Thursday, 29 March 2012

Impressionable Elites

This last week has seen some really big news (eg the Coalition’s economic strategy seems on or perhaps ahead of target while the OECD predicts we’re in recession) and some unimportant but much overblown news (eg some future pensioners are going to be £300 a year worse off and ‘Pasty-gate’).

Why has the Commentariat focussed on the latter and not the former?

You need to read Mark Penn’s Microtrends to understand. Penn was Clinton’s favourite pollster. He’s a shrewd guy. His book is a fascinating and very easy read. He picks out some clear trends from all his polling data. One of my favourites he called ‘impressionable elites’.

This is the term he used for educated, affluent people who focus more on personality than issues when it comes to evaluating political decisions. His research shows that those at the top end of the population are heavily swayed by gut and impression, not numbers and facts. They vote more on the basis of personality in campaigns, they buy products more on the basis of brands and they invest more on the basis of a tip than on sound investment logic.

Conversely, rational and informed behaviour is more widespread through the now better educated working class - those who now can get to university, often now have ‘information economy’ jobs and use the internet.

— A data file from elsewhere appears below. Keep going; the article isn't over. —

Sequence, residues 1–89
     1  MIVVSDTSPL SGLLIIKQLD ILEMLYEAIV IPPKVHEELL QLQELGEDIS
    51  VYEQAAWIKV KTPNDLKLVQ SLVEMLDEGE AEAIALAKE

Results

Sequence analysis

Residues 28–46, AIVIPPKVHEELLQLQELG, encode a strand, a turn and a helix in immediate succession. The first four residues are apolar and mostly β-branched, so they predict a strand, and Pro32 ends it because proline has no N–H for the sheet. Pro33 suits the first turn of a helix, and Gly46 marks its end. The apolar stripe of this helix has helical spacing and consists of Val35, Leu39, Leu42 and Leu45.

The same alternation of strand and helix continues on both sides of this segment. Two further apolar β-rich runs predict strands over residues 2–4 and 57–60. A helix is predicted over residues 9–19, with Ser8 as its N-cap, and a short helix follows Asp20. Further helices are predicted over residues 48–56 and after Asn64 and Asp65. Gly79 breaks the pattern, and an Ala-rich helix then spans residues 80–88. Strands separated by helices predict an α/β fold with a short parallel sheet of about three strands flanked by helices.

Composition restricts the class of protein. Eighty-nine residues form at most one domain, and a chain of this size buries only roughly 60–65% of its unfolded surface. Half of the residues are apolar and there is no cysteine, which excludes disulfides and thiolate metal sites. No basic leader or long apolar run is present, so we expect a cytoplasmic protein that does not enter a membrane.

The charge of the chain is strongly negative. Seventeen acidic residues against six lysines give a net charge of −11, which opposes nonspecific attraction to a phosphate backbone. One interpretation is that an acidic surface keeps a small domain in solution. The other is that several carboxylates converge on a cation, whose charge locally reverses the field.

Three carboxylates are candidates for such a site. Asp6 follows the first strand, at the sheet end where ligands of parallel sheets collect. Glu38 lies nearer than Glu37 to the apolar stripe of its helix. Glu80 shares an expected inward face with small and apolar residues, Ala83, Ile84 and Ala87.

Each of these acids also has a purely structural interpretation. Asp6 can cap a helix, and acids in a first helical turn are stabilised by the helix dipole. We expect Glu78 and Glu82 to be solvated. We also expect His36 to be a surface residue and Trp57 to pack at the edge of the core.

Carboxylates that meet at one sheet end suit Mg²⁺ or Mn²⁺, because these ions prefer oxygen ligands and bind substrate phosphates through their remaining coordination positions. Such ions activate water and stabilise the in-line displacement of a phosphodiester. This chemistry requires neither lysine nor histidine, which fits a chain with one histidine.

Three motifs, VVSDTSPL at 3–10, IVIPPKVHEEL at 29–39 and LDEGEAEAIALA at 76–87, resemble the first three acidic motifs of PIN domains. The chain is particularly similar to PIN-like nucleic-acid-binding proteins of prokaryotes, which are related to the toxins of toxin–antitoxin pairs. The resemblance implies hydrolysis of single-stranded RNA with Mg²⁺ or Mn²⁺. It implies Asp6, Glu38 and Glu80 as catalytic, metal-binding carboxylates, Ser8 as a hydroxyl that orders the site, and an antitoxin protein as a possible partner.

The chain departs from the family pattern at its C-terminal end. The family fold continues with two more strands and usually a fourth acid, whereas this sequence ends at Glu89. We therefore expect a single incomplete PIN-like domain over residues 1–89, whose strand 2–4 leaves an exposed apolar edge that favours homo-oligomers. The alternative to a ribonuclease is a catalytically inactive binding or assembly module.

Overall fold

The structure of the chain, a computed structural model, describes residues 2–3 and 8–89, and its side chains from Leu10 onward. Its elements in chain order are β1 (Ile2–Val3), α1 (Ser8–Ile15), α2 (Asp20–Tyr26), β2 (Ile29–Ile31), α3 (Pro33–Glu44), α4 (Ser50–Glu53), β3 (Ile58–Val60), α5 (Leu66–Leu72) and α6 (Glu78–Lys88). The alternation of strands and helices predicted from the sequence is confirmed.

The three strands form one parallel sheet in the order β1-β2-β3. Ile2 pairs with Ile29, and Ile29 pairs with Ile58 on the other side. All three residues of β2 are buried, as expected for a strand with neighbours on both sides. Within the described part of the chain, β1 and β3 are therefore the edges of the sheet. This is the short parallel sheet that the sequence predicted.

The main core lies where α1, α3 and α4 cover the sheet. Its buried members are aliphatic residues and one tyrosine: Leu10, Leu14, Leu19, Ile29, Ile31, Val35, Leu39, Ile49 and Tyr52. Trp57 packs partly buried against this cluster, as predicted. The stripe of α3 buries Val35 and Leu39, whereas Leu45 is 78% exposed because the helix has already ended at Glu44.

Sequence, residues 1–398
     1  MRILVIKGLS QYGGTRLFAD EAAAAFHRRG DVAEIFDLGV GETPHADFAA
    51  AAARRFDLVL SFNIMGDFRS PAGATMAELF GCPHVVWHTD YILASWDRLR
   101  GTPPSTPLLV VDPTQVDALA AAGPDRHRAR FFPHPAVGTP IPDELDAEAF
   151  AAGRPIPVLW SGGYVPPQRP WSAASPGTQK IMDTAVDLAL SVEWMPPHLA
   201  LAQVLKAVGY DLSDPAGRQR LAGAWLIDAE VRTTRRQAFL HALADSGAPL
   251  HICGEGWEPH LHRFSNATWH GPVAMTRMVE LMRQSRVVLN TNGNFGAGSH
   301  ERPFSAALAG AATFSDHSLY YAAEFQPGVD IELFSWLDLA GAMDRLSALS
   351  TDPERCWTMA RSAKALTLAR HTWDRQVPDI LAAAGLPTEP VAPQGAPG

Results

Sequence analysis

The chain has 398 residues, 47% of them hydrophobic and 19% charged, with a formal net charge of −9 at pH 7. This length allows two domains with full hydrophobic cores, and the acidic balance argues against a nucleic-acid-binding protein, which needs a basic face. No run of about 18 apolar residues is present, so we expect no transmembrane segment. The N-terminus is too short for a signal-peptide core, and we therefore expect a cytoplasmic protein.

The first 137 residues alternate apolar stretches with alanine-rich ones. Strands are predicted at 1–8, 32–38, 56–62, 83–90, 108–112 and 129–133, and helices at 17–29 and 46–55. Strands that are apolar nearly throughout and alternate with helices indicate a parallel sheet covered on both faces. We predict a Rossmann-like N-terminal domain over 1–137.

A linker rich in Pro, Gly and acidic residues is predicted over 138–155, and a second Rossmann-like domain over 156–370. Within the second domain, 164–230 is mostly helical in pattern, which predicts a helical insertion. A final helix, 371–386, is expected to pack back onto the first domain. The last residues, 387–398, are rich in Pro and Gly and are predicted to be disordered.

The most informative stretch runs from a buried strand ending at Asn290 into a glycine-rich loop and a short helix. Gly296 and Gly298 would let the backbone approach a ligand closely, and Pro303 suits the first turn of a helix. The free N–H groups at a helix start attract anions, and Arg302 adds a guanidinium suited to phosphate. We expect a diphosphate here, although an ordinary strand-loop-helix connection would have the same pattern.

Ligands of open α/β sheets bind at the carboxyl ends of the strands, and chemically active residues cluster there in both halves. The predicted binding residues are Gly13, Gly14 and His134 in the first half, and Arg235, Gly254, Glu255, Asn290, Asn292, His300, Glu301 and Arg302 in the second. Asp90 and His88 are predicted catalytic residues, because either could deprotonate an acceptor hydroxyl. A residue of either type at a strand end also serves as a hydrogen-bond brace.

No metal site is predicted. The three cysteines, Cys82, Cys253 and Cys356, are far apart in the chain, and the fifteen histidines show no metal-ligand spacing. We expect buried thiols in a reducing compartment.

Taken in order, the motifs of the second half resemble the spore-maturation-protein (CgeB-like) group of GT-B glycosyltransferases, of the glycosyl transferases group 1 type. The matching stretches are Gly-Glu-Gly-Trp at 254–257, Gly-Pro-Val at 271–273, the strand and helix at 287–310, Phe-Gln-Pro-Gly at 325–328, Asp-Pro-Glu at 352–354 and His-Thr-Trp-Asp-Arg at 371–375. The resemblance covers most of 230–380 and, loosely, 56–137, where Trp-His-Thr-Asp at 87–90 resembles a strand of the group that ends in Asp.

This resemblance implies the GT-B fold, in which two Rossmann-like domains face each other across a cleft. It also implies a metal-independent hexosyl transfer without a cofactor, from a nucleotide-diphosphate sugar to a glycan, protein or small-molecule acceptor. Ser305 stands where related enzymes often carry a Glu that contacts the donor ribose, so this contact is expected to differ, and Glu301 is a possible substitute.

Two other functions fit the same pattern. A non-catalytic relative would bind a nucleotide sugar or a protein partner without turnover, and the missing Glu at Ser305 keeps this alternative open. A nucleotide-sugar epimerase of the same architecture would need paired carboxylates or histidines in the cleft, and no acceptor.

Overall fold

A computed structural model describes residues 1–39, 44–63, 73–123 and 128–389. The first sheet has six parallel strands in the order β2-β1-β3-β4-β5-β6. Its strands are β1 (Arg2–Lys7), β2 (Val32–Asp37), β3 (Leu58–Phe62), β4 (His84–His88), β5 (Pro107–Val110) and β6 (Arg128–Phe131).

His logic for this is that those at the top of our society really have never had it so good. They may moan, and may have less disposable income than a couple of years ago, but there is food on their shelves and petrol in their cars’ tanks. In short, they don’t have to struggle. Thus they have the time and space to be able to be interested in what colour tie the candidate is wearing or what his wife looks like.

Meanwhile, those at the bottom of the pile are still trying to get out of the shit heap. They could not give a toss about the candidate’s tie or the attractiveness of his wife, they want to know about his policies and how they will help them get out of the shit heap.

So, back to the beginning of this post. Why has the Commentariat focussed on ‘Pasty-gate’ and not the Coalition’s economic strategy and the OECD?

Well, of course, journalists to a man all come from ‘impressionable elites’. Which is one reason why we get much too little sensible and objective news and way too much trivial nonsense.

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